Cold War Movie Review
If you’re looking for reasons to see ‘Cold War’ I’ll give you a few. One is that it’s said to have received a standing ovation at the Cannes Film Festival. After seeing it, I can believe this. Another is that Rotten Tomatoes has certified it as 93% Fresh. On to my reasons as to why you should make a trek to the theatre to watch this movie. Yes. I said it. There’s no waiting for home viewing with a movie this alluring. Its beauty is sophisticated, profound and slight. It doesn’t scream directly in your face but rather hits you when you revive the entity the film was to you from your memory. The black and white cinematography will look clean and quiet while whispers of genius glide across the screen and entices you to watch this lovely heartbreaking story of love. I promise you that you’ll not be able to look away. It’s a real treasure to observe. Part of why was the 4:3 aspect ratio used that allows the viewer to examine the picture as a piece of photographic art. By shrinking its scale, it’s also possible for the audience to see themselves in the characters or better relate to what they’re going through.
In the story, we have two main characters named Zula and Wiktor. She is a student and he’s her teacher at a school that advocates for Polish folk music and dance. ‘Cold War’ recounts the tale of Zula (Kulig), who’s a gifted singer, and Wiktor (Kot), her teacher and interestingly enough, a songwriter. When they meet, they fall instantly in love. Set in Poland in 1949, the lovers, who dream of being together once and for all, have not only their station in life but communism to worry about. Sadly, for the next fifteen years, this perfect pairing must perform a dance of hiding their relationship from everyone, while at the same time trying not to have the torch they carry for one another extinguished by their circumstances. They secretly meet one another whenever and wherever they can until they can stand it no longer and finally decide to leave and be together once and for all. Best laid plans, right? He leaves for the border where he waits for her to join him. However, afraid of what could happen to them, she doesn’t meet him. Realizing she’s not coming, he decides not to go back and goes on with her. Several years go by and during this time, she struggles deeply. Oh, if only she could find him aga… wait! Look! Here comes Wiktor who can always put a smile on her face. Well, not really. Though they do find one another, it isn’t long before they’re separated again. This storyline is repeated over and over. They’re doomed to a life of searching which is good for their art but terrible for their hearts.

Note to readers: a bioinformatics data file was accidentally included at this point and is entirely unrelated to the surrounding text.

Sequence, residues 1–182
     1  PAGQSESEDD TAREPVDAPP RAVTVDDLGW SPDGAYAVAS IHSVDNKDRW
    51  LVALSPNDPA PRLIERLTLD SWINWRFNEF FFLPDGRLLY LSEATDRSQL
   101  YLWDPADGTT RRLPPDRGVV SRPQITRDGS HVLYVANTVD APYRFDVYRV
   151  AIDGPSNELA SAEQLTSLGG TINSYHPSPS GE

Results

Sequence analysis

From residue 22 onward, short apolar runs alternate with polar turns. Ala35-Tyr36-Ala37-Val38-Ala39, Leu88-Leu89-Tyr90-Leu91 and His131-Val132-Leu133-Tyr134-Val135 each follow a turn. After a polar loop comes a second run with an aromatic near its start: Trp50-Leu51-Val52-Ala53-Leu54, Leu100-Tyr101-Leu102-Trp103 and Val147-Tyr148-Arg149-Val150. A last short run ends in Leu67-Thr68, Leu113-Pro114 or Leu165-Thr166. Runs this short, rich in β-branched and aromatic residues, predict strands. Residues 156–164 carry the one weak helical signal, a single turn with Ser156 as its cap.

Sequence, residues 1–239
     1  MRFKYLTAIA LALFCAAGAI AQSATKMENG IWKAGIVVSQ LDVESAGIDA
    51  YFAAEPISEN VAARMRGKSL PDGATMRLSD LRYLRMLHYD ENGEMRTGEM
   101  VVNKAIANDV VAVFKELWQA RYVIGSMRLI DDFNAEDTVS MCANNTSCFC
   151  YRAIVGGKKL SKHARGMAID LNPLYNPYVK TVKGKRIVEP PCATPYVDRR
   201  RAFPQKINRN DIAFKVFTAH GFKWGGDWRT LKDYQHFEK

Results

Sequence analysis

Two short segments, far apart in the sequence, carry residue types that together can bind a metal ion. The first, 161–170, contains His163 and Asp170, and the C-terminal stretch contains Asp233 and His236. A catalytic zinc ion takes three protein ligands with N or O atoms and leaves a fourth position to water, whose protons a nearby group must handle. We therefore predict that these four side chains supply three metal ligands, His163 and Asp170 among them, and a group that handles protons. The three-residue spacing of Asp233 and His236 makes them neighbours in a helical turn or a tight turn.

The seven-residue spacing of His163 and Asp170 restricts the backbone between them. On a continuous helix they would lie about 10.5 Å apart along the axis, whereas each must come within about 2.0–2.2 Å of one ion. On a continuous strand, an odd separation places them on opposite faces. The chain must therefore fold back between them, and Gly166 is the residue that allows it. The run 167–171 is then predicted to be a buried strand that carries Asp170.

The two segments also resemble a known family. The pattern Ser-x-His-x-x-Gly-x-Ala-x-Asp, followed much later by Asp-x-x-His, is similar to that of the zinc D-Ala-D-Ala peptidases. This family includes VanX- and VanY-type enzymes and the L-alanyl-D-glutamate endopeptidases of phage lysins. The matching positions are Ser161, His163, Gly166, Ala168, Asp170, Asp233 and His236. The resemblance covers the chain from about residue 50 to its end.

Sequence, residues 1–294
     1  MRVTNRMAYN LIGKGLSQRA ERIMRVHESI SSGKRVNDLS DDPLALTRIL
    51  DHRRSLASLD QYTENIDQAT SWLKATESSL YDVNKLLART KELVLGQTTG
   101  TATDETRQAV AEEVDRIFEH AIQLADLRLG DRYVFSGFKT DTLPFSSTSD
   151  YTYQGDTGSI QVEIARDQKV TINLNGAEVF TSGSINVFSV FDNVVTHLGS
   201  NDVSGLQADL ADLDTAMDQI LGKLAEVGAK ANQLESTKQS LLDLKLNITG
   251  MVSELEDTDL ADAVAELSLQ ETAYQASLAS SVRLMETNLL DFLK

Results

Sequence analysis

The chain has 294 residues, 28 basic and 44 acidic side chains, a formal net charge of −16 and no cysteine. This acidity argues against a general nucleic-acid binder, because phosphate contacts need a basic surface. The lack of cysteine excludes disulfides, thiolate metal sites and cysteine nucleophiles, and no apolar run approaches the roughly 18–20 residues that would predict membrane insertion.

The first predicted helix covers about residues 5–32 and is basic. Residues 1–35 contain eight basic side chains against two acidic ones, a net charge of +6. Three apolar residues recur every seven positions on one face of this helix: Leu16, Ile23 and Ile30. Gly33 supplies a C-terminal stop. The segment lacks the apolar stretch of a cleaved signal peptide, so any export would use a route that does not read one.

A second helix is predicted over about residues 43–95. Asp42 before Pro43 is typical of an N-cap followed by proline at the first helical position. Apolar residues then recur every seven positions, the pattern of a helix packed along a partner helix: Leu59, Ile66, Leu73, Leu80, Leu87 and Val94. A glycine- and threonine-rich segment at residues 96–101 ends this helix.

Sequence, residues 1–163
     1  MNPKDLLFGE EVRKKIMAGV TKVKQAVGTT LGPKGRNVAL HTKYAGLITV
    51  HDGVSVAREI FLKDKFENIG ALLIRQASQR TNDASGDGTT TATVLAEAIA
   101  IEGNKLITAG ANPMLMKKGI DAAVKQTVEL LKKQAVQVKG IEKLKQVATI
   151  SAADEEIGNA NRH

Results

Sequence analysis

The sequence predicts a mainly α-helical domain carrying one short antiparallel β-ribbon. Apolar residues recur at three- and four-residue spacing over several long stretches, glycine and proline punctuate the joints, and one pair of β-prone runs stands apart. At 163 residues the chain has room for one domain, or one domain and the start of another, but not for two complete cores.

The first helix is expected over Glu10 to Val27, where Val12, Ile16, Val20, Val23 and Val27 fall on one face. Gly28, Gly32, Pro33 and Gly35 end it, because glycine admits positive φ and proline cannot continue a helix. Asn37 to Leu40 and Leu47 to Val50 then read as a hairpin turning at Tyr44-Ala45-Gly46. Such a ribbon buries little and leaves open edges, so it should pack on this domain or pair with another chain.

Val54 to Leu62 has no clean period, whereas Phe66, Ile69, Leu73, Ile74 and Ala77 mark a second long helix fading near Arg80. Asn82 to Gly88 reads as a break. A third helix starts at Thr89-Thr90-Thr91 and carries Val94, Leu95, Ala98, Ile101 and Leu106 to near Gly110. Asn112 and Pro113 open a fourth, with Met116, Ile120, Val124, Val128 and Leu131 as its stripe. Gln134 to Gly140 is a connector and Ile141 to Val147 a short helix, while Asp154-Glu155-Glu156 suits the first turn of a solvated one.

She’s married when they meet once again in Paris. These scenes are the most rewarding. The music, and her performance, in particular, is outstanding. During this period, she’s drunk all the time and they’re both miserable but with so much working against them, how could anyone truly be happy? What’s most provocative about this ‘love story,’ is that when they find themselves together, it never works out. It’s as if they have longed for it so deeply, that’s all they know how to do. Wanting is one thing… having what you reach for is quite another. Who are Wiktor and Zula if not the two seeking one another? The ending, that I’m not revealing to you here, is superb. It couldn’t have been improved upon. All of that said, describing this film does nothing for what it essentially is. It’s magnificent. See it before Oscar season. It’ll most likely be everywhere.
Summary Directed by: Pawel Pawlikowski Starring: Joanna Kulig, Tomasz Kot and Borys Szyc Rated: R Run Time: 1h 28min Genre: Drama, Music, Romance Cold War is a passionate love story between a man and a woman who meet in the ruins of post-war Poland. With vastly different backgrounds and temperaments, they are fatefully mismatched and yet condemned to each other. Set against the background of the Cold War in 1950s Poland, Berlin, Yugoslavia and Paris, it’s the tale of a couple separated by politics, character flaws and unfortunate twists of fate — an impossible love story in impossible times. Cold War earned Pawel Pawlikowski the Best Director award at the 2018 Cannes Film Festival. Pawlikowski’s previous film, Ida, was a global success, winning the Oscar® and BAFTA foreign-language film awards as well as five European Film Awards including Best European film, Director and Screenplay. His other feature credits include My Summer of Love and Last Resort. The film is a Polish/French/U.K. co-production, produced by the writer- director’s long-time partners Tanya Seghatchian (My Summer of Love) of Apocalypso Pictures and Ewa Puszczyńska (Ida) from Piotr Dzięcioł’s Opus Film (Poland), along with France’s MK Productions.